June 11, 2010

Enhanced access to Early Canadiana Online resources

We've just imported over 20,000 records from Early Canadiana Online (ECO) into Alloway Library's catalogue to give researchers direct access to a wealth of primary archival resources in Canadian history. The ECO collection includes:
  • over 600 early Canadian periodicals,
  • a collection of documents on the Hudson's Bay Company,
  • early official [government] publications,
  • a collection of Reconstituted Debates of the House of Commons (1867-1870),
  • publications devoted to the lives of early Governors General of Canada
  • a 73 volume set of books on Jesuit Relations.


Early Canadiana Online is the first large-scale online collection of early Canadian print heritage and is produced by Canadiana.org, a registered charity whose mission is dedicated to presenting "our cultural and scientific heritage in its bilingual and multicultural variety to our citizens and to the world, and to develop a plan to provide Canadian Society with enduring digital access to that heritage".

Alloway Library has integrated full records for all of the materials in the Early Canadiana Online database. This means that every document on the ECO website can now be accessed by title, author & subjects from the library's catalogue. Search results will bring up direct links to the full text document, e-book or periodical.

To browse the entire e-book collection, simply search for "Early Canadiana Online" under "Author name (starts with last name)" in the library catalogue and the over 20,000 records will be there!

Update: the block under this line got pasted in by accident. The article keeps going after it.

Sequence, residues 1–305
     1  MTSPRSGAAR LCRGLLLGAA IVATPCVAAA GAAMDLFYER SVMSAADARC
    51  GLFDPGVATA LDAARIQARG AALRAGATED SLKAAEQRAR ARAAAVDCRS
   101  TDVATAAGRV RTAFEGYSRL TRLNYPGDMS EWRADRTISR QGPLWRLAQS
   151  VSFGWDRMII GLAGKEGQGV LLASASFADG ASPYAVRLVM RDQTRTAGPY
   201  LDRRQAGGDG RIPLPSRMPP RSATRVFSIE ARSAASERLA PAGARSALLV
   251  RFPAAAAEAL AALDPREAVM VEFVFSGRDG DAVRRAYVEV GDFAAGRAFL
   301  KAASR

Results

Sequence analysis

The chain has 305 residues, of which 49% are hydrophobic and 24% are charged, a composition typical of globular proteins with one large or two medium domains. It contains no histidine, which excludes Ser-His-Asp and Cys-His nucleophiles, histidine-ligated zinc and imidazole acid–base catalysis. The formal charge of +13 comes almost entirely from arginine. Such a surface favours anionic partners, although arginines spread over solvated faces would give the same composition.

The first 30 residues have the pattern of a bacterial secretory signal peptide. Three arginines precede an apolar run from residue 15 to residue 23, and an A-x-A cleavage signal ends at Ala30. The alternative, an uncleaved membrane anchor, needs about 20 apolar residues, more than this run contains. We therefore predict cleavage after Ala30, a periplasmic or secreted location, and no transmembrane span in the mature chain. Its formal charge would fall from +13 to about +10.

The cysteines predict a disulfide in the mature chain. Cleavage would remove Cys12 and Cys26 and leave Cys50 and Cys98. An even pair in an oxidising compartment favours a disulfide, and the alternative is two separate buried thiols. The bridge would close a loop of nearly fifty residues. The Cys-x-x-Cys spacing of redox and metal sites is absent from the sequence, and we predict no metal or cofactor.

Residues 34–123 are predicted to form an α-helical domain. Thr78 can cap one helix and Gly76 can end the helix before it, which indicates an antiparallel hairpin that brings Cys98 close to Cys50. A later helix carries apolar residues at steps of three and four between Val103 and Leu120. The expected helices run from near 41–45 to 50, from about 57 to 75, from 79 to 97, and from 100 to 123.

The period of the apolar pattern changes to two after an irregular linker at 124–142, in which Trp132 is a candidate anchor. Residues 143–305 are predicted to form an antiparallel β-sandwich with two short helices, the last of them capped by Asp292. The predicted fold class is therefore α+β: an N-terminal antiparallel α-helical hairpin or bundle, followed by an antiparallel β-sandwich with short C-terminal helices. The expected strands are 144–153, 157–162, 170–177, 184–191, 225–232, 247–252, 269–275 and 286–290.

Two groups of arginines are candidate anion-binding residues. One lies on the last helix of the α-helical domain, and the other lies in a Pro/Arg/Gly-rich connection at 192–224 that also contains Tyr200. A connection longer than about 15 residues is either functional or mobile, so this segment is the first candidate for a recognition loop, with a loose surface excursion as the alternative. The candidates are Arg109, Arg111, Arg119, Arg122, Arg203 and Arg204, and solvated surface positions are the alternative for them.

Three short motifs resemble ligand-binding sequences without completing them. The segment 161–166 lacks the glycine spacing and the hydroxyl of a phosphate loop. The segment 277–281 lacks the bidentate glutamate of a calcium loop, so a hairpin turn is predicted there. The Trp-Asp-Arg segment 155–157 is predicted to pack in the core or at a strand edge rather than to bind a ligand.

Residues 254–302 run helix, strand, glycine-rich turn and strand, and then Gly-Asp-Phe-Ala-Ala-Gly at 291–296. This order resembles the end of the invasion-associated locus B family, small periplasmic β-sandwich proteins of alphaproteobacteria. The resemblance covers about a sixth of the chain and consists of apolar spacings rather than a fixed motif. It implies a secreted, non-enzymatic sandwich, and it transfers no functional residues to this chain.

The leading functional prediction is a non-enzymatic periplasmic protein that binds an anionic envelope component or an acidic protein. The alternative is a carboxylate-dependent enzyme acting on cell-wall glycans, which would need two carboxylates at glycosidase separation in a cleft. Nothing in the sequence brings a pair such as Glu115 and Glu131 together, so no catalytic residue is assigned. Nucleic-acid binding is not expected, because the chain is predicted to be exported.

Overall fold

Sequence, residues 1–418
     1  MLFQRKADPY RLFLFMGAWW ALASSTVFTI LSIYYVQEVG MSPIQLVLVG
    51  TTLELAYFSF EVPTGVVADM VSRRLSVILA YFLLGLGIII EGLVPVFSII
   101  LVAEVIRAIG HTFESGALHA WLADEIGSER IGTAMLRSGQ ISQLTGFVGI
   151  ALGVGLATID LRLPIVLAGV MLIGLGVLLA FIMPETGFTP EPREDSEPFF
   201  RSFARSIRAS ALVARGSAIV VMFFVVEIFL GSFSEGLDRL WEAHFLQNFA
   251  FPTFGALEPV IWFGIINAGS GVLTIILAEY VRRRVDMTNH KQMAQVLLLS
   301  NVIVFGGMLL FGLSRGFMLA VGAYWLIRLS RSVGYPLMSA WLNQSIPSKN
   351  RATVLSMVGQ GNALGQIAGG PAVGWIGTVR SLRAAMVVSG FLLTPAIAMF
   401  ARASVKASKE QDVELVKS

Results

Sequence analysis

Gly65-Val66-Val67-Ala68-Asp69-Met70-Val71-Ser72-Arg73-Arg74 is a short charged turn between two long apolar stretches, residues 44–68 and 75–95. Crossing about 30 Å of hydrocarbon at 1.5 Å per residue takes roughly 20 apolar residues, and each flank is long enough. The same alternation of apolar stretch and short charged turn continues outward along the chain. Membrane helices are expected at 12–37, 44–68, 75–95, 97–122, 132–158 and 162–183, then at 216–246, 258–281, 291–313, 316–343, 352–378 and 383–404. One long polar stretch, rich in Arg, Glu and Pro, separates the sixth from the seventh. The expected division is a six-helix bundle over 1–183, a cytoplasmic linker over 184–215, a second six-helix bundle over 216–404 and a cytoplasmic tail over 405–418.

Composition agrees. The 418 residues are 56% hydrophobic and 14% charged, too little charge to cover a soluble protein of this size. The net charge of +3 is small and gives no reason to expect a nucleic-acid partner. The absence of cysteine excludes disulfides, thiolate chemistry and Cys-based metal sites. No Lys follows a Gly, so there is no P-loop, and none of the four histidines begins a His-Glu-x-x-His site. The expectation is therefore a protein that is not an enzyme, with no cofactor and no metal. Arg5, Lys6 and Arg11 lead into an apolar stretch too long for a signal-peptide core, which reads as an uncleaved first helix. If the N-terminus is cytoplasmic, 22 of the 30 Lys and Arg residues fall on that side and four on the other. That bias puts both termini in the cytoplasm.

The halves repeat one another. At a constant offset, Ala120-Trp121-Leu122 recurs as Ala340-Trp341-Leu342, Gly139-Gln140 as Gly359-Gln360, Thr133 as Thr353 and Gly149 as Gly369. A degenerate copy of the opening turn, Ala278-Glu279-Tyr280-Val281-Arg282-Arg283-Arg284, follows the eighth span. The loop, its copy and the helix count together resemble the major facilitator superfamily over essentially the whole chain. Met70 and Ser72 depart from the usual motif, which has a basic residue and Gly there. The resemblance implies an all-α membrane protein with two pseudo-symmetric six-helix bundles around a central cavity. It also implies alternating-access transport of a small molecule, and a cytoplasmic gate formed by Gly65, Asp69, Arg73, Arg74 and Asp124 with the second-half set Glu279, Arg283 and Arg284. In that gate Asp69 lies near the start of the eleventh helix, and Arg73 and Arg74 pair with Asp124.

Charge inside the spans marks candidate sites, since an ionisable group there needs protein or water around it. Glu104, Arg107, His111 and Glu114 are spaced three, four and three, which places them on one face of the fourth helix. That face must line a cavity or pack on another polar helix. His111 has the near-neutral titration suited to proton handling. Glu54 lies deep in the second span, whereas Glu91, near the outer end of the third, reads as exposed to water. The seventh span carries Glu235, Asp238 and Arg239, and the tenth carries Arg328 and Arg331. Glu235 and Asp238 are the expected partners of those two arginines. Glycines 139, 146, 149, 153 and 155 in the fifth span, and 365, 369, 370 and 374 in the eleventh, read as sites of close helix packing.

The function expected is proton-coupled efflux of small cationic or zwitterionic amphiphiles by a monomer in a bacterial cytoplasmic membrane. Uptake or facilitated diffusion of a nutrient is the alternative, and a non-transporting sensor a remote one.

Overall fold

June 10, 2010

New Taxation database resource added

CICA Canadian Tax Suite Premium

The Canadian Institute of Chartered Accountants has provided TWU students and faculty with access to CICA's Canadian Tax Suite Premium, a suite of tax research databases. This is a timely addition to library databases given the recent focus on taxation with the introduction of the HST.

In addition to a full set of primary and secondary tax information and all CRA materials, these databases have case studies, treaties, commentaries and analysis and a wealth of other tax resource materials.

Databases include:
Excise Automated Reference Library (EARL) (GST/HST & Excise)
Federal Income Tax Collection Platinum Student Edition (FITAC Platinum SE)
Federal Income Tax News
GST/HST & Excise News
Provincial Taxes Electronic Reference Library (PERL)
Provincial Taxes News

For more information visit the More Info page or ask a librarian.

June 08, 2010

Summer reading ideas at Alloway Library

Wherever you are this summer—outside, in the garden, or on the road— Alloway Library has resources to inform, inspire and amuse. On our Main Level display we’ve gathered over 200 titles including:

  • regional travel guides,
  • books on gardening,
  • hiking & kayaking
  • novels

covering all the summer subjects we could think of-- from “ice cream” to “pilgrimage.”

Use your valid TWU ID to borrow any of the books, CDs or DVDs on display or use the Alloway Library catalogue to search for more resources for your summer adventures.

June 07, 2010

More Cambridge Companions

Alloway Library has added three new e-books in the Cambridge Companions to American Studies, and Religion series. We can all thank the TWU Graduate Student Association for generously funding this addition.



The Cambridge Companion to Christian Philosophical Theology
The Cambridge Companion to Malcolm X
The Cambridge Companion to Muhammad

TWU Login may be required to view these titles

June 04, 2010

Harvard Libraries face big changes in collection development

From the Boston Globe:

With 16.5 million volumes Harvard University has the world's largest university library. The collection spans a range of esoteric topics, from the manuscripts of Ukrainian political leaders to the field notes of famous horticulturists. Harvard owns so many books, serials, and other items that it now houses nearly half of the collection in a climate-controlled warehouse 25 miles away in Southborough.